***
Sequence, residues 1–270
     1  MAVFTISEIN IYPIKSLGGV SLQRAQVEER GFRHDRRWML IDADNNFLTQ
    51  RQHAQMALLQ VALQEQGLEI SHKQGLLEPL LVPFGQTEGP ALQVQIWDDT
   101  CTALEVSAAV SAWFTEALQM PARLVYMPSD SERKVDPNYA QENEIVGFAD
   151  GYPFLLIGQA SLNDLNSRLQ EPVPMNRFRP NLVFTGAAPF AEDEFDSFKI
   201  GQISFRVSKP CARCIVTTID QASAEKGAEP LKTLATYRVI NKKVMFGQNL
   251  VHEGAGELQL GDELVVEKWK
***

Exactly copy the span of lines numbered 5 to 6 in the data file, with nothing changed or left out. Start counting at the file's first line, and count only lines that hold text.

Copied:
   151  GYPFLLIGQA SLNDLNSRLQ EPVPMNRFRP NLVFTGAAPF AEDEFDSFKI
   201  GQISFRVSKP CARCIVTTID QASAEKGAEP LKTLATYRVI NKKVMFGQNL